Tuesday, 18 June 2019

A final proof the “March on Canberra” is a quarter-century and counting overdue

According to a new paper in the journal Nature, regardless of what the rest of the world does, record-breaking temperature rises are already inevitable until 2040.

At the same time, the Sydney Morning Herald is noting a zero-emissions plan for Britain – whose parity emissions per capita are minimally four times those of Australia – as Australia approves the polluting Adani coal mine. There is – and was even before last month’s surprise election – a certainty Australia will expand fossil fuels whilst the EU moves to zero-net-emissions.

Many (including my brother) naïvely believe that Australia will eventually be condemned as a pariah state for expanding fossil fuels. Nevertheless, this viewpoint overlooks demographic reality. Australia already has substantially higher total fertility than those nations most advanced in decarbonisation. Recent trends towards lowest-low fertility in Finland (from 1.9 to 1.5 children since 2010) and other European nations whose fertility was the least low during the 2000s suggests that Morrison’s policies will widen this gap.

The fact is that – as I have emphasised for two decades – Australia must ecologically have by far the lowest emissions per capita in the world. This demand places human energy consumption upon its natural biological “footing”. Environment, Capitalism and Socialism demonstrated three decades ago that the money existed to finance a rapid transition to a carbon-free Australia as early as 2005 or 2010 – were major polluters taxed severely enough.

As Dimitri Lafleur has partially shown, a carbon-free Australia would remake the world economy by:
  1. radically limiting energy and materials use on a global scale, especially in desert nations with naturally low-energy ecologies and zero hydropower potential
  2. shifting “developing” economies towards renewable energy once they do not have cheap fossil fuels from Australia and the oil states
  3. shifting energy-intensive industries towards those (Enriched and Tropical) nations with large resources in hydropower
  4. shifting agriculture towards the high-latitude nations with youngest and most fertile soils
    1. this would occur because land clearing is a major source (around 20 percent) of greenhouse emissions in Australia
    2. also, Australian soils are thirty thousand times older and more weathered than soils of most other Quaternary landmasses
    3. young, high-latitude areas are also least affected by runaway climate change shown as certain by Nature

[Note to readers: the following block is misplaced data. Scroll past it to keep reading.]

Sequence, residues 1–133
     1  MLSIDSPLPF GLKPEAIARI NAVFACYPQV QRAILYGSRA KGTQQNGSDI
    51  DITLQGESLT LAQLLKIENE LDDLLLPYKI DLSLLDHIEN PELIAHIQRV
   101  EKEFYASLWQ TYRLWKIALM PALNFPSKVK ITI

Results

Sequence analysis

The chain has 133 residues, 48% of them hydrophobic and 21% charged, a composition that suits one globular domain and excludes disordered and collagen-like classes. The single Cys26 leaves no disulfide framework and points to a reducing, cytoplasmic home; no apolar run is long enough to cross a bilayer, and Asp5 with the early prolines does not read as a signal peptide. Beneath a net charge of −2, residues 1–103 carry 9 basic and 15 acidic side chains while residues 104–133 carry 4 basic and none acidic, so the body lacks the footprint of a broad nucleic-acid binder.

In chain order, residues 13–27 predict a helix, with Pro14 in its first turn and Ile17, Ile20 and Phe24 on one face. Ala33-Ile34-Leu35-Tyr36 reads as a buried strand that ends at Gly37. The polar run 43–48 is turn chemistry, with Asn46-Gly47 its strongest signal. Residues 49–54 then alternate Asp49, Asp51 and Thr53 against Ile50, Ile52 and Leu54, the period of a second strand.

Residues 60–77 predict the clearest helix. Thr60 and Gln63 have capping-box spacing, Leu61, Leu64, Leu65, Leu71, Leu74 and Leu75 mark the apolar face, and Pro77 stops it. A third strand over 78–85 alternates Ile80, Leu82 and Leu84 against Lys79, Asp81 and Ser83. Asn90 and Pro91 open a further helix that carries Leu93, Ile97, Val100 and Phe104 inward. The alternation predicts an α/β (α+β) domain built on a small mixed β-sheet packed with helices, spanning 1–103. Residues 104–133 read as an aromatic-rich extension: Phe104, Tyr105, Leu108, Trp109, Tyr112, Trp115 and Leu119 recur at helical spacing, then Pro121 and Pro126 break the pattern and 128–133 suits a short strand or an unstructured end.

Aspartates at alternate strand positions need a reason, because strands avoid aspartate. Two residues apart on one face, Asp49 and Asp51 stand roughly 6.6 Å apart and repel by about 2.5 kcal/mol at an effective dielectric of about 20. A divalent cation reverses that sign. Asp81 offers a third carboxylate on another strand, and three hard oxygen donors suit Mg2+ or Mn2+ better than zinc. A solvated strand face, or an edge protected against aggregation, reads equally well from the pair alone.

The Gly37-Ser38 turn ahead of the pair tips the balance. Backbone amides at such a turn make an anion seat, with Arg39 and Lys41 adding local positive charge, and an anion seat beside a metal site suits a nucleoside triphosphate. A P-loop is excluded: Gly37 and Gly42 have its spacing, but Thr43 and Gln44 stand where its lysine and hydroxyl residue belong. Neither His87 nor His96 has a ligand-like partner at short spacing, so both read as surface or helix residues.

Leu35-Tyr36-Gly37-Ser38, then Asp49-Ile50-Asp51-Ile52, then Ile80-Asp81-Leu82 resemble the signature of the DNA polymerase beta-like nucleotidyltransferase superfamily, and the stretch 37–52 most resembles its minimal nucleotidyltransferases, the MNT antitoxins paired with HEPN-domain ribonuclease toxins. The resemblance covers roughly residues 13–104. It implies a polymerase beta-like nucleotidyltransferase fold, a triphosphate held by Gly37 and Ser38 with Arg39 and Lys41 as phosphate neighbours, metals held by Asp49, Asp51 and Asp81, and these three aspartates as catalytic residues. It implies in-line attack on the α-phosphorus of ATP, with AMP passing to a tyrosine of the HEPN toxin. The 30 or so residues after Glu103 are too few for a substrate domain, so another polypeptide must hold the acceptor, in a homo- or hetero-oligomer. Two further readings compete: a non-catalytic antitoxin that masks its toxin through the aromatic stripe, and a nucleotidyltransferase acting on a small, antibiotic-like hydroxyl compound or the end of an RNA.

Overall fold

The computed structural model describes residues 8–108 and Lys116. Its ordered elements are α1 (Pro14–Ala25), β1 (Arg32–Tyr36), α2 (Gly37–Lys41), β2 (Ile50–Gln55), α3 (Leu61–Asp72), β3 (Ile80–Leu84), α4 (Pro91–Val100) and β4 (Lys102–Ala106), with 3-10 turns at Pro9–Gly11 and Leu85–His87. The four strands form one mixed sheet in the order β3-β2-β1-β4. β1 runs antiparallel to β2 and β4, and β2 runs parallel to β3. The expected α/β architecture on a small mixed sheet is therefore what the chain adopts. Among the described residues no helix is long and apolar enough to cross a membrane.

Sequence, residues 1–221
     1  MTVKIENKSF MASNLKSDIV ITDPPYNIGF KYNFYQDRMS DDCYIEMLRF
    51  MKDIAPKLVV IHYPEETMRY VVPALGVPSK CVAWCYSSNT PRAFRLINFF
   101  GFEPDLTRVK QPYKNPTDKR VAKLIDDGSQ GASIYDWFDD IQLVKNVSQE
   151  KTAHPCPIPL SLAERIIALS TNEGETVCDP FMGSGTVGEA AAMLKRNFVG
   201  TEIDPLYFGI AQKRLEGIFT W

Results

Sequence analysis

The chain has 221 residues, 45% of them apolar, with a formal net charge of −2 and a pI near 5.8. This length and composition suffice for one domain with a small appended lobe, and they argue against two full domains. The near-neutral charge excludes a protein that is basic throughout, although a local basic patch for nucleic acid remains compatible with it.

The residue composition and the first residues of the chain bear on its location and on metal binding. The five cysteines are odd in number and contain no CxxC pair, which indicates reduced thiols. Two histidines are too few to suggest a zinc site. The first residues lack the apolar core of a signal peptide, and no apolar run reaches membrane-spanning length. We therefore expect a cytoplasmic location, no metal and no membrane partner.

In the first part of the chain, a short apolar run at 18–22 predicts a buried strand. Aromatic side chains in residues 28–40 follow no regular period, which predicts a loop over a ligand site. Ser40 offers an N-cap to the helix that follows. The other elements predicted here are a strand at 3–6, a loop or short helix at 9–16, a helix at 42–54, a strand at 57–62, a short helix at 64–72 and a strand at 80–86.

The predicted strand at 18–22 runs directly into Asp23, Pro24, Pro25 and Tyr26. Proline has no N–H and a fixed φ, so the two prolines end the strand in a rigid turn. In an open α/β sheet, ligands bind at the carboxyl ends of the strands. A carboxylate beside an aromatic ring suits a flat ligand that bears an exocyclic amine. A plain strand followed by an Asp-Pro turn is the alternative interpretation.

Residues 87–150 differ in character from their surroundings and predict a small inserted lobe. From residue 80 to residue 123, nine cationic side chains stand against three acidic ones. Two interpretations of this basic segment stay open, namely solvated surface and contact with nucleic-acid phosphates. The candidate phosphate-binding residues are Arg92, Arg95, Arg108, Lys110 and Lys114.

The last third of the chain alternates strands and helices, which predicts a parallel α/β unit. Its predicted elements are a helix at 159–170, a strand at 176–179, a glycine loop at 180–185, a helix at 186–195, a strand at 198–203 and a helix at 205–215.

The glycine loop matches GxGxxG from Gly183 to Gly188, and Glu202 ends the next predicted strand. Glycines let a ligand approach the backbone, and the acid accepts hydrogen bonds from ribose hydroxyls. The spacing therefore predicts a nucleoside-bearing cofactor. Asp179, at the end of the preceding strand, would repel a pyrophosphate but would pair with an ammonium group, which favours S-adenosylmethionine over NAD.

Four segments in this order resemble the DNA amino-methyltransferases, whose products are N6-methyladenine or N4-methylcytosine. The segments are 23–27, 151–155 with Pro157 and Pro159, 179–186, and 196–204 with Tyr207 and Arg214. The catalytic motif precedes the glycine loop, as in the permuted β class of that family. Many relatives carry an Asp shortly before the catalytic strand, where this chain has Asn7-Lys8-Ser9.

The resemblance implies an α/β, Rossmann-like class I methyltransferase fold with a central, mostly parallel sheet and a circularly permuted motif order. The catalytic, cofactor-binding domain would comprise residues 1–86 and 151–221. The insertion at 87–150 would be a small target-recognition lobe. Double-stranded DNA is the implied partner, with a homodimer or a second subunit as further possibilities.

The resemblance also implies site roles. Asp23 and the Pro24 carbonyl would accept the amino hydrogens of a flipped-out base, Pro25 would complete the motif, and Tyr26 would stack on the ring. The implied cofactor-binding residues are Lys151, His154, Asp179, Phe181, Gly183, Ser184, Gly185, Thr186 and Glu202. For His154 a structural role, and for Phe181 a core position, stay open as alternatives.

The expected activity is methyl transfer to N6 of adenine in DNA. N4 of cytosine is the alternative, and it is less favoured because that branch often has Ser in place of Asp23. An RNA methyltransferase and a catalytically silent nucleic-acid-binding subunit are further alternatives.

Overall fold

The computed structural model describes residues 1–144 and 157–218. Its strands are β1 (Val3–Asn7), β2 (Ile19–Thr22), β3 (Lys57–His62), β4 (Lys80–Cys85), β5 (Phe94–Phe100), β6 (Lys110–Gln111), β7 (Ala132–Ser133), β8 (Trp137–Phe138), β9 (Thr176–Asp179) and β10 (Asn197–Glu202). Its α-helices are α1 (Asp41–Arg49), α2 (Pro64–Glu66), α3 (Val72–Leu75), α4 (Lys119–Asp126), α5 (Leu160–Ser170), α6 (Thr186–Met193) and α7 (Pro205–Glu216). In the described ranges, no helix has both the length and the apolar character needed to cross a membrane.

5. shifting away from planned obsolescence towards long-lasting consumer goods that use fewer resources over the long term
What needed to be done back in the 1990s was for the globe to recognise that – regardless of its relatively small aggregate emissions that have led even environmentalists to neglect it – a rigid, zero-compromise, zero-emissions target for Australia no later than 2010 would have:
  1. largely solved global greenhouse gas emissions by radically altering global development patterns
  2. paid for the ecological crisis out of the pockets of those people – alongside the Arab Gulf royal families – with greatest duty and ability to pay
  3. achieved this in a manner in agreement with Earth’s natural ecology (smallest per-capita energy consumption and emissions in arid desert nations)
  4. in an Enriched World then and now crippled by excessive environmental regulations, which stand likely to achieve negligible global gains while Australia mines and uses more and more coal, created major economic opportunities including:
    • phase-out of economically crippling Enriched World farm subsidies as Australia’s unsustainable pastoral and broad-acre farmland would be converted to ecotourism
    • revitalising such industries as aluminum and titanium smelting when coal use in phased out in Australia and other nations lacking hydropower potential
Given the experiences of the past quarter-century and especially last month’s election, there exists zero possibility that Australia will ever elect a more environmentally responsive government. Thus, other countries are burdened with the critical task of clamping down on the worst environmental performer – a task entirely ignored but unless achieved even a total carbon phase-out in the EU and East Asia will achieve little in the long term.

Instead of decentralised global environmental protests (as seen in recent weeks) what was needed in 1994 and stands three decades overdue was and is a global focus upon the centre of power in the worst environmental performer: protests demanding uncompromising, rapid decarbonisation of Australia, or a “March on Canberra”. Whilst the effects would not be immediate, would be costly to the rest of the world and would need to be sustained over years and even decades, they possess potential to actually deal with the planet’s worst polluter rather than permit Australia indefinite emissions increases negating large-scale decarbonisation abroad.

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